Frequently Asked Questions: Heirloom Seeds
How long is the shelf life?
Our Heirloom Survival Seeds will last for 4-5 years if kept in a cool place, under 60-65°F. If they are refrigerated, they should last at least 10-15 years. If frozen, they will last for a couple decades or more. You can store them right in the package they come in because it's moisture and light proof. Just keep them cool and they'll last for a long time.
What is the best way to store these seeds for short-term storage?
For short term storage, such as for next year's garden, you don't have to freeze them. Storing in a cool, dark, moisture free environment is sufficient. There is a section in the PDF guide that gives you planting and storing information.
What is the best way to store these seeds for long-term storage?
The way to preserve seeds for the longest life is to freeze them. For very long term storage, they should be placed into a freezer. Our bonus planting and storage guide will give you the best way to do this
Where can I download the Planting and Storing Guide?
The guide is downloadable at www.bonuspdf.com. It includes information on soil temperature, seed planting depth, plant spacing, row spacing, indoor sowing info, direct sowing info, germination times, sun exposure, growing conditions, water requirements, hardiness, days to maturity, ideal hardiness zones, life cycle, companion plants and incompatible plants. Any further information needed can be readily obtained online.
How long will these seeds last if NOT stored in a refrigerator or freezer? How long will they last if stored as packaged by the manufacturer?
When they are just kept as packaged in a COOL environment, they will last for 4-5 years. It's really hard to say because one person may think they are storing them in a cool place but it's not really that cool. It should, ideally be 60-65°F or less consistently year-round. That's why for storing them, we suggest the refrigerator so that they don't end up getting too warm during summer months. People who plan to use them as emergency seeds for a future disaster should freeze them right in the package they came in. Hope that helps.
Is it okay to freeze the seeds?
Freezing won't harm seeds unless moisture is allowed to get into them before freezing. These seeds are all dried to a moisture content of 8% or less before being packaged so that wouldn't be a problem unless they were opened and left out long enough to absorb moisture. If they have moisture, like anything else, when the freeze they will crack open. Using the precautions that are listed in the Planting and Storing Guide will insure that you have satisfactory results.
Can I put them in the freezer in the package they come in?
Yes, you can place them into the freezer, unopened, in the package they come in. It's safe because the package is a laminated, airtight foil bag.
Is the germination rate good on these?
We constantly test our seeds for high germination rates so you can be assured that they will germinate well when you need them. The package they come in has been zip-locked and then heat-sealed for double protection against moisture. We have locked in enough air to make sure the seeds have the oxygen they need to survive for the long term. Survival seeds are living organisms that need some air in order to survive.
Can new plants be started from the seeds that the first harvest produced from the first planting? So are these truly heirloom seeds?
Yes, you can plant seeds from each year's harvest indefinitely because these seeds are all open-pollinated heirloom varieties. Being able to collect and store the seeds from your garden each year will insure you will never run out of high-quality organic heirloom seeds to continually grow fresh, juicy, great-tasting vegetables.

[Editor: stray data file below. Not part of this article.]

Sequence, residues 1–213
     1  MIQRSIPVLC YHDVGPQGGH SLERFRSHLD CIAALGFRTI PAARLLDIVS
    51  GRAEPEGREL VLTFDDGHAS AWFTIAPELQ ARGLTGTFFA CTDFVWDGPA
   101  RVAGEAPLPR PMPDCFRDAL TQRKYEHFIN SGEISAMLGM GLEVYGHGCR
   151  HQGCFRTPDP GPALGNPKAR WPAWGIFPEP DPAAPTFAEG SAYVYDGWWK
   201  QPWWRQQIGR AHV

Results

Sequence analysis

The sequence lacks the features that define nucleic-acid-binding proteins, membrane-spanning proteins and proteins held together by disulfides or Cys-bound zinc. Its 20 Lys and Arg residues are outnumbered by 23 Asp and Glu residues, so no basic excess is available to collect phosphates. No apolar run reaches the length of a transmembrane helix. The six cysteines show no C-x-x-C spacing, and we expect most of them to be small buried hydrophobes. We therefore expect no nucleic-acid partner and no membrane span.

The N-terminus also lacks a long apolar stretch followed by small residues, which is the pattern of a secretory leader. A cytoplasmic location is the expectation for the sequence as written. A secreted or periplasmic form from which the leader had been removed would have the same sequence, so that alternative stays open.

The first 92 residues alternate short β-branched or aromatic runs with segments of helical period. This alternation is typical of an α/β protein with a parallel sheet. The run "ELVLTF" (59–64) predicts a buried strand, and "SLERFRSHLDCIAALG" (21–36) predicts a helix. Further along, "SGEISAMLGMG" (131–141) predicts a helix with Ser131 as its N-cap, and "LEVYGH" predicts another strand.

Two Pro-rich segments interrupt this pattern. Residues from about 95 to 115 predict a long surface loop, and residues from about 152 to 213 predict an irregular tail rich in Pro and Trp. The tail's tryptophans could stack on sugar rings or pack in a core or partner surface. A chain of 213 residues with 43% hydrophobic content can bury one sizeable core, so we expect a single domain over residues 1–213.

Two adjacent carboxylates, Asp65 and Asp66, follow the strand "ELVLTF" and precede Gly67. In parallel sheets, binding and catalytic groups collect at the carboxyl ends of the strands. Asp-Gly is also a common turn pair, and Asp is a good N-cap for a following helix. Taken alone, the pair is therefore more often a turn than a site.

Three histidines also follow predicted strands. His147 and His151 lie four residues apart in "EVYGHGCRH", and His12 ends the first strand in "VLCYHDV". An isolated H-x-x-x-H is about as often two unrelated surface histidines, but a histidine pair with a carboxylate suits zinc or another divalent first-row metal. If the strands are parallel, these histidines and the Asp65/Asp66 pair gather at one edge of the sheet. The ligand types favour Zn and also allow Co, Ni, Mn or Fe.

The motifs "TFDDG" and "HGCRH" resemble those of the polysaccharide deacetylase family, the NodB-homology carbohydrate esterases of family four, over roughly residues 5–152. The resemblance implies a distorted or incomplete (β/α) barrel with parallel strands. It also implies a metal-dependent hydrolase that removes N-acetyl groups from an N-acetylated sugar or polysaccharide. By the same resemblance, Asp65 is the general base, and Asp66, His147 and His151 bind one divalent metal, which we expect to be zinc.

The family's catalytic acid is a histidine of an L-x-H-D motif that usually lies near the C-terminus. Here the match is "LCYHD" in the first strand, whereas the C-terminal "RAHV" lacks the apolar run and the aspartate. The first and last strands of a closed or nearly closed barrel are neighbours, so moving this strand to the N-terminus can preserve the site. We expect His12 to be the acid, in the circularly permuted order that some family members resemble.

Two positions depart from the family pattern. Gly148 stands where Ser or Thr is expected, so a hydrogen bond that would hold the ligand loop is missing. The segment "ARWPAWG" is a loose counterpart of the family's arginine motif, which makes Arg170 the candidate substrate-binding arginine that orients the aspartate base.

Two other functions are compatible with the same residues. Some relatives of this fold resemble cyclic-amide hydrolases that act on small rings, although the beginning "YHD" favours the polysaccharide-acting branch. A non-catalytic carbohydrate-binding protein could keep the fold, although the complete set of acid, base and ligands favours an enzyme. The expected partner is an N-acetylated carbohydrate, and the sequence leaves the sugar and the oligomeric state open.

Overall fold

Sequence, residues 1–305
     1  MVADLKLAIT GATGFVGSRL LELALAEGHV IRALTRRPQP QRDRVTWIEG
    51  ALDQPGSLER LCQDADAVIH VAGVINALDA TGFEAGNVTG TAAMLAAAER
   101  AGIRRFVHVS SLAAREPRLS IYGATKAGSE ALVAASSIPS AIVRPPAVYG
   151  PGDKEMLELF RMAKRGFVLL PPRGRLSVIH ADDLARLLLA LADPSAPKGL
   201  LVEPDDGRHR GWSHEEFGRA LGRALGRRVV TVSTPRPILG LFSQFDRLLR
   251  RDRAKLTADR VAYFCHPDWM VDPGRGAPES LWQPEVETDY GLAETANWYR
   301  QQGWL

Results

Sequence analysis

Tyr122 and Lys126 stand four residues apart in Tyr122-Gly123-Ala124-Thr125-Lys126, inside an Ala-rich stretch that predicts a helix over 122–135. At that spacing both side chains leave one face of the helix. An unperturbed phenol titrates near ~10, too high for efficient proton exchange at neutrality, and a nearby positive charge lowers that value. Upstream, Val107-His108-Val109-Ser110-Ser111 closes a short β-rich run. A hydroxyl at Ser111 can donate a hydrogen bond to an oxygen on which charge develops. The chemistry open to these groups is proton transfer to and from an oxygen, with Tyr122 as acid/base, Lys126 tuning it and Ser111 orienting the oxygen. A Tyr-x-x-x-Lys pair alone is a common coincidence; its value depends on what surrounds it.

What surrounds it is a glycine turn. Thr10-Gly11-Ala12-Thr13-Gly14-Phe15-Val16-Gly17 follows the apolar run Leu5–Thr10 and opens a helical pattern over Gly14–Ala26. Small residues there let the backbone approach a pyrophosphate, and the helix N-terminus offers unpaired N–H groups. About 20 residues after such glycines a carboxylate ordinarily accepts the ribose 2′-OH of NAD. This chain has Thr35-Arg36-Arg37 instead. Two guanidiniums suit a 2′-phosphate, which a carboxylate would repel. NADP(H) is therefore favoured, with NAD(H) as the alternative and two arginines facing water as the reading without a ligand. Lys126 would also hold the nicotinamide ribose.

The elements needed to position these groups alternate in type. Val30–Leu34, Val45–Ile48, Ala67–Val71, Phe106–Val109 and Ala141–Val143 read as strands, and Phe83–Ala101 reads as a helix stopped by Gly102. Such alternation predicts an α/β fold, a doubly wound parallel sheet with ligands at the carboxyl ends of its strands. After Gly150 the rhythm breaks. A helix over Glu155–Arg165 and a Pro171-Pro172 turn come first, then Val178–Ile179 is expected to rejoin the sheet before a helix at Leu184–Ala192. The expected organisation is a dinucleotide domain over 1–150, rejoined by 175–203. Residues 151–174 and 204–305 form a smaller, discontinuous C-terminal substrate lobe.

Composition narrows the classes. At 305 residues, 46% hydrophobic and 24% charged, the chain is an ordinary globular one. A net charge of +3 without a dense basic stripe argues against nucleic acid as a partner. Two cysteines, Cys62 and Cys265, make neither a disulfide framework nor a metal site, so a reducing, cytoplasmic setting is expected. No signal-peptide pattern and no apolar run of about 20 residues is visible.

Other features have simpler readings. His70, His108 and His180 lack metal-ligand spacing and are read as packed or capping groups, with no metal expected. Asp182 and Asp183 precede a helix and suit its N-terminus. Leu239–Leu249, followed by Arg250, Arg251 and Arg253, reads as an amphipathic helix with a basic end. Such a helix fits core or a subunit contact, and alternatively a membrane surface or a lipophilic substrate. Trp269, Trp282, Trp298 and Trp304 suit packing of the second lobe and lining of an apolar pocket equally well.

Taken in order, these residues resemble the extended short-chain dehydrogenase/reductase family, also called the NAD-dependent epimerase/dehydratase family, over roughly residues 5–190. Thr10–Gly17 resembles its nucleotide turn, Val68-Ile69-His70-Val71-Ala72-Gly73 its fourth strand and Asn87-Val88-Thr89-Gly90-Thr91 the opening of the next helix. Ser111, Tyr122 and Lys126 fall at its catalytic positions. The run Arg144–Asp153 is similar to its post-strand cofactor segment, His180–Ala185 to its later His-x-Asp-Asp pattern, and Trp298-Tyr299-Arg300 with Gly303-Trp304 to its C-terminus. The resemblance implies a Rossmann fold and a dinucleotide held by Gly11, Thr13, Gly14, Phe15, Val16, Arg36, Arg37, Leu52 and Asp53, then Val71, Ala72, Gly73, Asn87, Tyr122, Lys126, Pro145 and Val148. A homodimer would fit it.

How long does it take for the seeds to sprout? I planted several of them, and only about 3 types have started to show growth.
Many things can affect the germination rate of the seeds such as the particular variety that was planted, the condition of the soil, under/overwatering, sun exposure, etc. Our Planting and Storing Guide has all the information that you need to successfully plant and store the seeds we sell. It also gives the average germination times for each variety so you should find it very helpful.
What is the packaging like? Are these nitrogen foil envelopes to preserve the seeds for many years?
The seeds are dried to less than 8% humidity and then packaged, by variety, into individual zip lock baggies. The seeds are then placed into larger zip lock bags with a slit to provide a small amount of oxygen (which is necessary for long-term storage) and a small desiccant pack to absorb any excess moisture. These bags are then placed into a foil-lined mylar bag which is moisture and light proof so that the seeds can be stored for decades in a freezer or stored for shorter term in a refrigerator or cool room.
I bought these seeds last year and kept the remaining seeds in their original package in my kitchen cabinet. Are they still good?
The kitchen is probably a hot place to store seeds. They really should be kept in a cool place for storage since heat can affect the life of the seeds. Having said that, they should still be good for this year. In the future, you should try and store them in another location for best results.
Can these be mailed overseas? Are there any restrictions by any other country?
We're not familiar with the laws/restrictions in other countries but we're sure there are some laws that would restrict them. We only sell within the continental U.S. but we've been contacted by people saying that they have planted my seeds in a lot of other countries so we're not sure how they got there. We've read that there are laws in some countries against growing a private garden using heirloom organic vegetable seeds but we don't know that for certain.